2.4 THE__ 

 Durham Cathedral, England





Palatine Chapel 

 of Charlemagne, Aachen, Germany (792-895)



Germigny-des-Pres,  France (806-811) Sanctuary

Built by Bishop Theodulf of Orléans, (prominent intellectual  in the court of Charlemagne and abbot of the neighboring monastery of Saint-Benoît-sur-Loire) in 806.

Byzantine Apse Mosaic, Germigny-des-Pres,  France (c.805)



St. John Benedictine Monastery,

Muestar, Switzerland (c.780; tower c.1000)








Rose Window The Shrine of St. Cuthbert



























© Antony  McCallum WyrdLight.com




























Cistercian Art & Architecture - Bernard




APOLOGY (to William, Against the Cluniacs)
posted with permission for reprint at: http://www.fordham.edu/halsall/source/bernard1.html

I SHALL speak plainly: Isn't greed, a form of idolatry, responsible for all this? Aren't we seeking contributions rather than spiritual profit? "How?" you ask. "In a strange and wonderful way," I answer. Money is scattered about in such a way that it will multiply. It is spent so that it will increase. Pouring it out produces more of it. Faced with expensive but marvelous vanities, people are inspired to contribute rather than to pray. Thus riches attract riches and money produces more money. I don't know why, but the wealthier a place, the readier people are to contribute to it. Just feast their eyes on gold-covered relics and their purses will open. Just show them a beautiful picture of some saint. The brighter the colors, the saintlier he'll appear to them. Men rush to kiss and are invited to contribute. There is more admiration for beauty than veneration for sanctity. Thus churches are decorated, not simply with jeweled crowns, but with jeweled wheels illuminated as much by their precious stones as by their lamps. We see candelabra like big bronze trees, marvelously wrought, their gems glowing no less than their flames. What do you think is the purpose of such things? To gain the contrition of penitents or the admiration of spectators?

OH vanity of vanities, yet no more vain than insane! The church is resplendent in her walls and wanting in her poor. She dresses her stones in gold and lets her sons go naked. The eyes of the rich are fed at the expense of the indigent. The curious find something to amuse them and the needy find nothing to sustain them.

WHAT sort of reverence is shown to the saints when we place their pictures on the floor and then walk on them? Often someone spits in an angel's mouth. Often the face of a saint is trampled by some passerby's feet. If sacred images mean nothing to us, why don't we at least economize on the paint? Why embellish what we're about to befoul? Why decorate what we must walk upon? What good is it to have attractive pictures where they're usually stained with dirt?

[...] IN CLOISTERS, where the brothers are reading, what is the point of this ridiculous monstrosity, this shapely misshapenness, this misshapen shapeliness? What is the point of those unclean apes, fierce lions, monstrous centaurs, half-men, striped tigers, fighting soldiers and hunters blowing their horns? In one place you see many bodies under a single head, in another several heads on a single body. Here on a quadruped we see the tail of a serpent. Over there on a fish we see the head of a quadruped. There we find a beast that is horse up front and goat behind, here another that is horned animal in front and horse behind.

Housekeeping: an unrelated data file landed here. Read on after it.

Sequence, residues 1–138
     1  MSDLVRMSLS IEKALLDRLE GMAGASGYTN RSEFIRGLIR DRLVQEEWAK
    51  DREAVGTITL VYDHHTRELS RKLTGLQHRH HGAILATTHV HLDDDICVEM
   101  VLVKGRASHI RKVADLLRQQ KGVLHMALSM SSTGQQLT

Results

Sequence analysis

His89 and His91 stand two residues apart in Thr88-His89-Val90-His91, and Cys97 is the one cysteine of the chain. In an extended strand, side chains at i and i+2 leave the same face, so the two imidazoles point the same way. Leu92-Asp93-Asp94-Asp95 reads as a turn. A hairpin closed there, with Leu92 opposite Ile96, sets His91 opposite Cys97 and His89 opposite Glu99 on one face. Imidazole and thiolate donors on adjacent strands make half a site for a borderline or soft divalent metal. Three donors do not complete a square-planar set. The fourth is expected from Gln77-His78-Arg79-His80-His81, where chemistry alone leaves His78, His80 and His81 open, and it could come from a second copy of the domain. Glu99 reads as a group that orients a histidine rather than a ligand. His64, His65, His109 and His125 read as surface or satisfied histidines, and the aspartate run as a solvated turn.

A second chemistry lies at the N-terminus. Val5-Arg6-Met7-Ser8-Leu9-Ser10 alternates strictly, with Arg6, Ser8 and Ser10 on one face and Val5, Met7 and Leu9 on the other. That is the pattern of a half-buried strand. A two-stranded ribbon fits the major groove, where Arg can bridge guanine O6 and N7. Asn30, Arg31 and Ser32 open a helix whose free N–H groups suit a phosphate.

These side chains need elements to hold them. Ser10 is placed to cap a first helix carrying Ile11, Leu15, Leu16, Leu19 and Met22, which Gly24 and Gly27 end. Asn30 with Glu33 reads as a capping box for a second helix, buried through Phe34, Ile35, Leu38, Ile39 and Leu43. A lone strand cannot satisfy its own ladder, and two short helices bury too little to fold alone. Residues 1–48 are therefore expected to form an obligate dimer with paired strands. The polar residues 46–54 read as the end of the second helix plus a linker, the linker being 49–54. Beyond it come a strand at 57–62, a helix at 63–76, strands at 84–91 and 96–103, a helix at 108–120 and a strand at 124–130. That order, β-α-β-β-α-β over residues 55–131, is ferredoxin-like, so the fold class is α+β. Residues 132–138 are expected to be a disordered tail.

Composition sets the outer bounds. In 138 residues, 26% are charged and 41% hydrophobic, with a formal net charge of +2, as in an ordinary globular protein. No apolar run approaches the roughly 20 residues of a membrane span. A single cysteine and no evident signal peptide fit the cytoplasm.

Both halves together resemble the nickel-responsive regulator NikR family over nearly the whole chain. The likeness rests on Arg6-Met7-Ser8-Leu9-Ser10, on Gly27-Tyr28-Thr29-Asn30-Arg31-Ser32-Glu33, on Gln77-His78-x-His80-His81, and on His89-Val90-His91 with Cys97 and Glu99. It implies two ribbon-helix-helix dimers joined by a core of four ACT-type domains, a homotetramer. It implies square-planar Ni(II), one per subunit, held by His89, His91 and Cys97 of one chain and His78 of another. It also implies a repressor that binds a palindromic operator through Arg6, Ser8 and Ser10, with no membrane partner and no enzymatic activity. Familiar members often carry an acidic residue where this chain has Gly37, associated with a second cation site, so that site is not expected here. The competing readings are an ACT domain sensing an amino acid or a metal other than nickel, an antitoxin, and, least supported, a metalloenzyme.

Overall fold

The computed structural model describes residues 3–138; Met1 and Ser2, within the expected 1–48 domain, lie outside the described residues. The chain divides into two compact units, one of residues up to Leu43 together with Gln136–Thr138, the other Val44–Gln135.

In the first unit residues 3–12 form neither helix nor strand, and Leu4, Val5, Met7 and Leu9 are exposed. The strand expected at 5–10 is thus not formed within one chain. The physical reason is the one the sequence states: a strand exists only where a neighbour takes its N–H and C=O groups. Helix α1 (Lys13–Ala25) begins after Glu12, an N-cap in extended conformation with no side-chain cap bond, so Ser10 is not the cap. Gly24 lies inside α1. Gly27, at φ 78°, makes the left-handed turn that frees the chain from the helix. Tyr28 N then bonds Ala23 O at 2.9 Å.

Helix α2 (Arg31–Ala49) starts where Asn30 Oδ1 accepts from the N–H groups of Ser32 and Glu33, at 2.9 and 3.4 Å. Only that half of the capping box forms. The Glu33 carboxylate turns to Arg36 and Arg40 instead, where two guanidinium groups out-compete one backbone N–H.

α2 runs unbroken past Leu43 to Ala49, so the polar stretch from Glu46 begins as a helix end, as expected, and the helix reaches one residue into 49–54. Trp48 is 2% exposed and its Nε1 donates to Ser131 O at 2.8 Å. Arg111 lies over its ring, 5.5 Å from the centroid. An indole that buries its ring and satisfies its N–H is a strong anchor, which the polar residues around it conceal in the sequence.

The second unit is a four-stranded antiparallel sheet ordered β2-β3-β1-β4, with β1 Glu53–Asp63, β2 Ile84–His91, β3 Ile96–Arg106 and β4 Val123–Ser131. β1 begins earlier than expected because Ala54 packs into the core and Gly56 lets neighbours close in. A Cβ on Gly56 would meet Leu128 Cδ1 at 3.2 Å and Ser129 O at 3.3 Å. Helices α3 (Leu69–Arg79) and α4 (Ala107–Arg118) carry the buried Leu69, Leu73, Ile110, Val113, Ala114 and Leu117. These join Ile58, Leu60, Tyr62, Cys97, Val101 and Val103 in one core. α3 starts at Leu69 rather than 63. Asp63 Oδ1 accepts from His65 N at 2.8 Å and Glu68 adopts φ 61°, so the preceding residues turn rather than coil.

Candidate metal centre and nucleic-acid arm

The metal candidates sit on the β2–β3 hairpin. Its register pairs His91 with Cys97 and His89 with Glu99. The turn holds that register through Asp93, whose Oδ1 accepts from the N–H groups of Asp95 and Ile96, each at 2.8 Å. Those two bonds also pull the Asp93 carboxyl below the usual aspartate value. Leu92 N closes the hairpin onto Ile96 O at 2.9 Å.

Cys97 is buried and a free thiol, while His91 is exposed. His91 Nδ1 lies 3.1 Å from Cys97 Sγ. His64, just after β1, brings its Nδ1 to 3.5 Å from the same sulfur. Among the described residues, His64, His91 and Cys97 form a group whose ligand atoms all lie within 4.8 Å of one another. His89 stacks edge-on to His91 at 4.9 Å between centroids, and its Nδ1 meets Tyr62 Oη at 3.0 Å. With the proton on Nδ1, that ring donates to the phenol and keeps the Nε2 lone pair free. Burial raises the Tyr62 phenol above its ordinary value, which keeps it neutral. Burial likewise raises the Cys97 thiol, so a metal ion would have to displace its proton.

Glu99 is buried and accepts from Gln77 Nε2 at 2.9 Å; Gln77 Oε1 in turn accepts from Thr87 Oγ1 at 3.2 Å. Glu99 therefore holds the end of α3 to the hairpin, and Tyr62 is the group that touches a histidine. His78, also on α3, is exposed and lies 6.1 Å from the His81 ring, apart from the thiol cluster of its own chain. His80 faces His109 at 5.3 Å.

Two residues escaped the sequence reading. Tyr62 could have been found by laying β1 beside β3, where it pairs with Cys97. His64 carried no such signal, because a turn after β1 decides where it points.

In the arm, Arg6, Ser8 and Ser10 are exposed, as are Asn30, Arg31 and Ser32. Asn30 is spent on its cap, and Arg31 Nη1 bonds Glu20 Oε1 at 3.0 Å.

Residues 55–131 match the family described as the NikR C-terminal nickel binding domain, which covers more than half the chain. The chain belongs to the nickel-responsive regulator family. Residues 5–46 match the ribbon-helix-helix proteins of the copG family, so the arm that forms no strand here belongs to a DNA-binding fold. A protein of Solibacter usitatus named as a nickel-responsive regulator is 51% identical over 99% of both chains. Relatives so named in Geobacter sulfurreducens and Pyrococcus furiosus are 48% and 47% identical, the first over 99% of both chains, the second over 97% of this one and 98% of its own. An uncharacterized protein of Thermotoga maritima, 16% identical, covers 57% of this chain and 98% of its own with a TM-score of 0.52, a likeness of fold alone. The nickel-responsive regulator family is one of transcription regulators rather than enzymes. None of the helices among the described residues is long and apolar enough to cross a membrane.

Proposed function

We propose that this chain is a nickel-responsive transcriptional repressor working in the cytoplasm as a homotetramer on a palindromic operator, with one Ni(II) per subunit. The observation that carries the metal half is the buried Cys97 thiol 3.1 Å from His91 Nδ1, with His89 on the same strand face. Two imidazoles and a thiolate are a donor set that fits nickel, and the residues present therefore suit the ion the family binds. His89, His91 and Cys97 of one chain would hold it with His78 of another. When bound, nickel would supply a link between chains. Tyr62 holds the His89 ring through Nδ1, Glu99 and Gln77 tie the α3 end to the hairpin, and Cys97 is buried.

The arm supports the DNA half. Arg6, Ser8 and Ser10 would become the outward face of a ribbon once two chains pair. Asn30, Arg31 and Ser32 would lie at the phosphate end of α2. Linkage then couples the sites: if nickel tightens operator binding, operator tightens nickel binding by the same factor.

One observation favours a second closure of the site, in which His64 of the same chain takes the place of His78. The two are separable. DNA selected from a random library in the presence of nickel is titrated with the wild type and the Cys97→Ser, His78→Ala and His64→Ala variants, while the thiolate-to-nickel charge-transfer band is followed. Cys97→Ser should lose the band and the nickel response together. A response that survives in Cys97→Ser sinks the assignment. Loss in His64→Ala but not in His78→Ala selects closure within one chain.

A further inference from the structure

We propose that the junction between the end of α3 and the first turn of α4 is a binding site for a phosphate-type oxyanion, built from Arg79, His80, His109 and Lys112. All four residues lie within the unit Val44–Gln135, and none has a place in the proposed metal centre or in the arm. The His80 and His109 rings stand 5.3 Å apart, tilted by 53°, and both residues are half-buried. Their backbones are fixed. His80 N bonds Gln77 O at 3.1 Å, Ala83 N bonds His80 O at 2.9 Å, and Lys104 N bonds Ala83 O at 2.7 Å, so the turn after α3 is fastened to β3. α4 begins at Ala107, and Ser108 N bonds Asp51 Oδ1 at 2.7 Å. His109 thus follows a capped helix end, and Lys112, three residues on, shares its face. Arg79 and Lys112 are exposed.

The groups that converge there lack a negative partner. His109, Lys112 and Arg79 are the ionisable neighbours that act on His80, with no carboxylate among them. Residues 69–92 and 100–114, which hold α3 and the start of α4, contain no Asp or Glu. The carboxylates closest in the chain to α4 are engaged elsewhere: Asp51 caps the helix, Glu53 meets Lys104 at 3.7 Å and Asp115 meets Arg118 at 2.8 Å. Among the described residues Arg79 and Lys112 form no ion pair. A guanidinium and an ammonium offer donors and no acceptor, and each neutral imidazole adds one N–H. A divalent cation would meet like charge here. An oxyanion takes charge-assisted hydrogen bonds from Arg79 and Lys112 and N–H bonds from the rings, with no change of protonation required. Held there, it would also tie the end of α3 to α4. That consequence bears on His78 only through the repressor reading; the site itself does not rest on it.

IN SHORT, so many and so marvelous are the various shapes surrounding us that it is more pleasant to read the margin than the books, and to spend the whole day marveling over these things rather than meditating on the law of God. Good Lord! If we aren't embarrassed by the silliness of it all, shouldn't we at least be disgusted by the expense?


STATUTES (guidelines) pertaining to Cistercian art and architecture (from the early general chapters of Citeaux--12th century)

Statute 10

What is permissible or non-permissible for us to have of gold, silver, jewels, and silk.  Altar cloths and the garments of those ministering are to be without silk except the stole and maniple. No chasuble is to be had, unless of one color.  All ornaments, vessels, and utensils of the monastery are to be without gold, silver, or jewels except the chalice and the fistula, which two alone we are allowed to have when of silver and gilded, but by no means when golden.17

Quid liceat vel non liceat nobis habere de auro, argento gemmis et serico.  Altarium linteamina, ministrorum indumenta, sine serico sint, praeter stolam et manipulum.  Casula vero nonnisi unicolor habetur.  Omnia monasterii ornamenta, vasa, utensilia, sine auro et argento et gemmis, praeter calicem et fistulam: quae quidem duo sola argentea et deaurata, sed aurea nequaquam habere permittimur.18

Statute 20

Concerning sculptures, paintings, and the wooden cross:  We forbid sculptures or paintings in either our churches and in any rooms of the monastery, because when attention is turned to such things the advantage of good meditation or the discipline of religious gravity is often neglected.  However, we do have painted crosses, which are of wood.19

De Sculpturis et picturis, et cruce lignea.  Sculpturae vel picturae in ecclesiis nostris seu in officinis aliquibus monasterii ne fiant interdicimus, quia dum talibus intenditur, utilitas bonae meditationis vel disciplina religiosae gravitatis saepe negligitur.  Cruces tamen pictas quae sunt ligneae habemus.20

Statute 80

Concerning letters and windows:   Letters are to be made of one color, and not depictive.  Windows are to be made white, and without crosses and pictures.21
De litteris et vitreis.  Litterae unius coloris fiant, et non dipictae.  Vitreae albae fiant, et sine crucibus et picturis.22







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